A place over in Rock Island that I've been wanting to try for a number of years and finally got around to going there recently is Dr. Gyros. I'm fond of a good gyro and we're starting to find some pretty good places that have gyros in the Quad Cities. For lunch one day a while back, I ventured across the river to have a gyro at Dr. Gyros.
Actually, I've wanted to try Dr. Gyros even before I found out it was connected with The Doc's Inn restaurant in East Moline. (Click here to see the entry on The Doc's Inn.) While my wife and I weren't too thrilled with the food at The Doc's Inn, I've heard nothing but good things about Dr. Gyros and their gyros.
The connection between Dr. Gyros and The Doc's Inn is owner John Stopoulos and his wife, MaryBeth. The two opened Dr. Gyros ten years ago and then they opened The Doc's Inn in March of last year. In addition to their primary food option of gyros - including chicken gyros - Dr. Gyro's menu also features Italian beef sandwiches, burgers, pita sandwiches, wraps, soups and salads. Actually, there's some cross-pollination between The Doc's Inn and Dr. Gyros with menu items. The biggest difference I see is that The Doc's Inn sells beer while Dr. Gyros does not.
Dr. Gyros is located on 18th Avenue in Rock Island, south and west of Augustana College. (see map) There is a Hungry Hobo sandwich shop and a Whitey's Ice Cream store directly across the street. I walked into the restaurant and was met by a young lady standing behind the small counter up front. The menu was above and behind her on the wall and the kitchen area was to her right and my left. I ordered up a traditional gyro ($5.39) and then saw that I could get additional gyro meat on it for another $1.99. I went with the additional meat and got some water to go with it.. I was going to eat in and she gave me an order number. I didn't know the drill, however, and was standing around the counter area waiting for my gyro to show up. She said, "Uh, you're eating in, right? You can have a seat and I'll bring it out to you."
Oh! All right! Sure! I found an open booth the wall of windows and waited for my gyro. The dining room was bright with a lot of natural light coming in. It was after the lunch rush, so there were only a handful of people in the place. (Picture of Dr. Gyros dining area at right courtesy Trip Advisor.)
On the wall near the pop dispensers was the picture of a young guy who conquered Dr. Gyros' "Man vs. Food"-style challenge - he ate the Mount Olympus gyro. The Mount Olympus challenge starts with a pita that is supposedly the size of a large pizza, then they top it with 3 1/2 pounds of gyro meat, then they add chopped onions, tomatoes and tzatiki sauce. To make it even more interesting, they add Greek seasoned French fries to the Mount Olympus. The competitor has to finish the Mount Olympus and fries, AND a Greek dessert in less than one hour. Only one person has done it - the guy in the picture on the wall at Dr. Gyros - Alfredo Villareal of Rock Island. While these "Man vs. Food" contests were sort of the rage four or five years ago, I find them to be boring and somewhat obscenely gluttonous in nature. "Man vs. Food" inspired too many restaurants to come up with their own "challenge", hoping they'd be featured by the show at some point. But Adam Richman has sort of gotten away from doing these challenges himself and that's why his "Man vs. Food Nation" show only highlights the big food challenges that other people participate in.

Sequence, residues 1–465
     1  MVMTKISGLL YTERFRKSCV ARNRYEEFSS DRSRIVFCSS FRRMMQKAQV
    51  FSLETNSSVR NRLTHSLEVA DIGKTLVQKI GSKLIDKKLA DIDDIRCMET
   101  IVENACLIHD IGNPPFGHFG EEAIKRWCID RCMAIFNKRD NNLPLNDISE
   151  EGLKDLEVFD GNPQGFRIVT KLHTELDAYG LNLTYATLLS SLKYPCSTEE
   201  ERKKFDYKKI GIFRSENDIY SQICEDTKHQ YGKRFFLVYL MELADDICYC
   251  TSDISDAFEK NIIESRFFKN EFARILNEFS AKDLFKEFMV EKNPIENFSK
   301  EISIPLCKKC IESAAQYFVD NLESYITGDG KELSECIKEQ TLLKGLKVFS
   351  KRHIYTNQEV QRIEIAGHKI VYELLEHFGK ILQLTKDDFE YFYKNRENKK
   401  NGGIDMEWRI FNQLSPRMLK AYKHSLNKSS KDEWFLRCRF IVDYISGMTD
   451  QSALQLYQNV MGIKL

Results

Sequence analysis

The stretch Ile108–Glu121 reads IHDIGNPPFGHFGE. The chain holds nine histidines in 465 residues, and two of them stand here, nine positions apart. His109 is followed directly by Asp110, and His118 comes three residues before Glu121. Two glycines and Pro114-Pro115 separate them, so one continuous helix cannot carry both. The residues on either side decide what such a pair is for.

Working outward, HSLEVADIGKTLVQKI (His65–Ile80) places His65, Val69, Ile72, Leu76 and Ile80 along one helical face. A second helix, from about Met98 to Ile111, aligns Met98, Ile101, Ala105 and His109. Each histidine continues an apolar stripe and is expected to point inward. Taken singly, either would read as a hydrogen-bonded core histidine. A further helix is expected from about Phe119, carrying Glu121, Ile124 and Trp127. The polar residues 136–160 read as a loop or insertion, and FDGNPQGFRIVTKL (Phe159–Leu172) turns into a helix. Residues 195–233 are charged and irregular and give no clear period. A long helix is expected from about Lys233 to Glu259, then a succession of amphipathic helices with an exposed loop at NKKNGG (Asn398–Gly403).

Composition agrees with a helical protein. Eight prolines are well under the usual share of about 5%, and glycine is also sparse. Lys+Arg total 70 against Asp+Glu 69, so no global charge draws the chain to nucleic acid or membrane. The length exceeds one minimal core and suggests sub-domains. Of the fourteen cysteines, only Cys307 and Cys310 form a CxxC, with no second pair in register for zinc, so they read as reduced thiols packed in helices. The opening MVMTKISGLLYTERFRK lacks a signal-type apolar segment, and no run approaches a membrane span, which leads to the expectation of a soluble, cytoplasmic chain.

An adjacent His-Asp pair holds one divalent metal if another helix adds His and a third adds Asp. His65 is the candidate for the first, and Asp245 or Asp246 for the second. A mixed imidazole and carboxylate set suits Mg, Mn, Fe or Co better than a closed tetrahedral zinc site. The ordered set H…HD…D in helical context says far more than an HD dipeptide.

About 10 minutes after I ordered, one of the guys in the back brought out my gyro wrapped in aluminum foil. Now, my gold standard for gyros in the Quad Cities is Uncle Pete's. (Click here to see my entry on Uncle Pete's.) The pita was smaller than the pita they use at Uncle Pete's. And there didn't seem to be as much gyro meat as they put on the Super Gyro at Uncle Pete's. Large chunks of fresh onions and tomatoes were added. The other small quibble I have with the gyro at Dr. Gyros is that they spread a thin layer of tzatiki sauce on the pita before adding the meat and veggies. They're much more generous with the very good tzatiki sauce at Uncle Pete's with their Super Gyro, even giving an extra tub of sauce to go along with it.
The taste of the pita on the gyro at Dr. Gyros was very good. It was fresh and had somewhat of a wheat taste to it. Actually, I liked it better than the pita at Uncle Pete's.
The other thing that I liked at Dr. Gyros was the gyro meat. It was less salty than the gyro meat at Uncle Pete's. (I'm always drinking a couple glasses of water a couple hours after having one of the gyros at Uncle Pete's to combat the salt.) Once again, the quibble I had was that for nearly the same money the traditional gyro with extra gyro meat still wasn't as big as the Super Gyro at Uncle Pete's.
But, overall, the taste of the gyro at Dr. Gyros was pretty good. There's not much difference in the taste of the gyro meat from place to place - save for the less salt in the meat at Dr. Gyros vs. Uncle Pete's. I would have liked to have gotten some more tzatiki sauce on the gyro, but it was fine for what I had. The gyro at Dr. Gyros got a "thumbs up" from me.
There's a couple other places around the Quad Cities where we really like the gyros - Olympic Gyros in Davenport (click here to see my entry on Olympic), and Sultan Mediterranean Restaurant in Rock Island (click here to see my entry on Sultan). Uncle Pete's still probably has my heart more than Dr. Gyros, but only because Uncle Pete's has been around so long and is probably a little better value. Still, Dr. Gyros does a good job with their gyros and I'd have no problem giving them a good recommendation on their gyros. (Photo at right courtesy Quad City Times.)